A blog called Inside ERP posted a few cogent tips for those looking to improve the odds of success in their implementation efforts, in a post published at the IT Toolbox (here). Their tips “start at the top” by reminding us to…
- Get support from the top. Remember, ERP is a business-wide project, so it requires executive buy-in at all key stages of the project. As one provider noted: “Starting with senior leadership, there needs to be overwhelming support for a new way of doing things to encourage cooperation and adoption.”
- Assign a dedicated project lead. Whether internal or external, there needs to be an experienced project leader at the helm to safely guide implementation through the various political and technical challenges that the project will face. Look for someone that is persuasive, has good political skills, is an effective communicator and has enough domain experience in the matter to understand best practices.
- Define organizational needs up front. At our firm, we include this as an integral part of our “Business Process Analysis.” Define the business needs, and ensure that the software project is mapped to your firm’s required workflows and processes. Create a list of requirements and desired outcomes at the start of the project. You need to know at the outset “what success looks like.”
- Plan for scope creep. Scope creep is usually feature creep. It’s important to set realistic expectations at the start of the project. Setting milestones and individual responsibilities will help. Of course, you’ll have a process for change-orders and their approval in place, right? Regular project meetings will greatly help to ensure that projects are staying on course.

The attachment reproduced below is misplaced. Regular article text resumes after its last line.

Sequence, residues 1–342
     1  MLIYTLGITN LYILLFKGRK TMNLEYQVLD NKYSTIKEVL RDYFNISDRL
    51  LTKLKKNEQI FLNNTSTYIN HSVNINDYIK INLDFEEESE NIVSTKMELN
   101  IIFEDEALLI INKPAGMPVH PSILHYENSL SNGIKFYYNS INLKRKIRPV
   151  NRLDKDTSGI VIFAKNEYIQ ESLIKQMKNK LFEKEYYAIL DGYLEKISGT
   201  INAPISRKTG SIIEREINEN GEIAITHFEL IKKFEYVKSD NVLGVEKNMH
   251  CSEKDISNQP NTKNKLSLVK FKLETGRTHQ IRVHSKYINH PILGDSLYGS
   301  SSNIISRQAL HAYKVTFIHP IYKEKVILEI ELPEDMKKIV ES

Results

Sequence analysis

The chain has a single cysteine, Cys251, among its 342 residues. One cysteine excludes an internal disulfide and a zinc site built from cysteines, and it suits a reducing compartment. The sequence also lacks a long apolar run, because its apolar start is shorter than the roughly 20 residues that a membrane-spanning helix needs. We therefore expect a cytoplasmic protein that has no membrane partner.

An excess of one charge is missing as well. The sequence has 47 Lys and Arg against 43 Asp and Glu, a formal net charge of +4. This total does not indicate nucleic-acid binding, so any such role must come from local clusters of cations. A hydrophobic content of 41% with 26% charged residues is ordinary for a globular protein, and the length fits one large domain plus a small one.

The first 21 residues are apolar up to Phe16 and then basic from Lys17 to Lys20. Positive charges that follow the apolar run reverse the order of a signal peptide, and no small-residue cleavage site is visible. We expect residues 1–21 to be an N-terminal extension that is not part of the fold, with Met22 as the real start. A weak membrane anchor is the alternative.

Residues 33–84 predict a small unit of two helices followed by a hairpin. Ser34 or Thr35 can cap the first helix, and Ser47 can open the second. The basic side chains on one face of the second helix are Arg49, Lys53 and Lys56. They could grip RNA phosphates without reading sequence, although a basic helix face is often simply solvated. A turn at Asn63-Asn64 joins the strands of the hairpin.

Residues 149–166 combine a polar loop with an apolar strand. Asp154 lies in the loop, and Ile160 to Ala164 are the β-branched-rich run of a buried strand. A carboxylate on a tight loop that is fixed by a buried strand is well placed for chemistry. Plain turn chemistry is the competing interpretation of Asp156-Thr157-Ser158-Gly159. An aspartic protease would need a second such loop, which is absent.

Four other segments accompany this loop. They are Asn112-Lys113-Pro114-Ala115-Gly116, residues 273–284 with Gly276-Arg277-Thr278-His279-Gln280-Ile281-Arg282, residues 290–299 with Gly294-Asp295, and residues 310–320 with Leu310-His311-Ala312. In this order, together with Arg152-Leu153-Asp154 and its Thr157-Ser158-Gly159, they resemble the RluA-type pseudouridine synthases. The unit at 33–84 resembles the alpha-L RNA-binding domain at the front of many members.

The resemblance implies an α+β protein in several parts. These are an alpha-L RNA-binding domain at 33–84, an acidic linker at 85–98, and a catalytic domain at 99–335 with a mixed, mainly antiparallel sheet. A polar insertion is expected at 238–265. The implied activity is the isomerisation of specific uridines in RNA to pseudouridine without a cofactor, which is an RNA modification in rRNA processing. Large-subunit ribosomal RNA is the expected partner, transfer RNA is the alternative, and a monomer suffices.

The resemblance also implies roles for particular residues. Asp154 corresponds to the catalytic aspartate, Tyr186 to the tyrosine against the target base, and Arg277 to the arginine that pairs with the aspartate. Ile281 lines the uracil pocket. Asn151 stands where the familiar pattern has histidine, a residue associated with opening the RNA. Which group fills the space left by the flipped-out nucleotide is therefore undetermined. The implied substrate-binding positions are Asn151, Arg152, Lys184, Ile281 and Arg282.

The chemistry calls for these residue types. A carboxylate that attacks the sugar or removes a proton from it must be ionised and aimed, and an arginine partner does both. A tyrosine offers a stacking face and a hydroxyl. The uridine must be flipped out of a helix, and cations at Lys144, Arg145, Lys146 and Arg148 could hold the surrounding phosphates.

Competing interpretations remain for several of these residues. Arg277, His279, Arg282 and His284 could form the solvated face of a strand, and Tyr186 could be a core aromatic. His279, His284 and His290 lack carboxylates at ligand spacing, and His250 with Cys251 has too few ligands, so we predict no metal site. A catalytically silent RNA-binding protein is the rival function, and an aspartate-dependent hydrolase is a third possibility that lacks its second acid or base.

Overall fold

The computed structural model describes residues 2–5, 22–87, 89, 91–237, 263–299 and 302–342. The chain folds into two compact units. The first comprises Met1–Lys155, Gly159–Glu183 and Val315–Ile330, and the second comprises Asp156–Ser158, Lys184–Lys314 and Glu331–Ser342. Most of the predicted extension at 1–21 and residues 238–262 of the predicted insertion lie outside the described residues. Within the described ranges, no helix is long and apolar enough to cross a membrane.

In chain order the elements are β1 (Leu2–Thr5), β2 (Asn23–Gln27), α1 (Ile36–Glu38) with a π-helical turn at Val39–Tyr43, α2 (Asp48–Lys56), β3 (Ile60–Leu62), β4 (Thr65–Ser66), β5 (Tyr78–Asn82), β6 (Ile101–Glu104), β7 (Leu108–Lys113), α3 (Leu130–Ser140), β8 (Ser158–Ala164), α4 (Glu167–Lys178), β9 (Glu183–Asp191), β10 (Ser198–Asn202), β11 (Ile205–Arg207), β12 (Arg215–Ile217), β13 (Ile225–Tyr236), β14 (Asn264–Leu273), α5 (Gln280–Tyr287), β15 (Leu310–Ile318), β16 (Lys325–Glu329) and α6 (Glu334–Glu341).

- Be ready to adjust business processes. Rather than taking the path of least resistance by avoiding “meddling with existing business processes,” recognize that an ERP implementation is the most ideal opportunity you will ever have to change and improve your processes and workflows. Where possible, make the changes and the software work in synch. If you only implement a new system in order to mimic the processes of the past, how are you really improving the business?
- Give training its due. According to Gartner research teams, “75 percent of enterprise ERP implementation failures come from lack of end user adoption.” Your staff needs to understand the new ERP system and how it benefits them and the company overall. They also need to know how to use the ERP system properly. Training is overlooked or under-budgeted completely at the risk of the project. Translation: don’t do it! Don’t shortchange training. It’s where the rubber meets the road, and it ensures your staff that you care about them – and about the success of your project!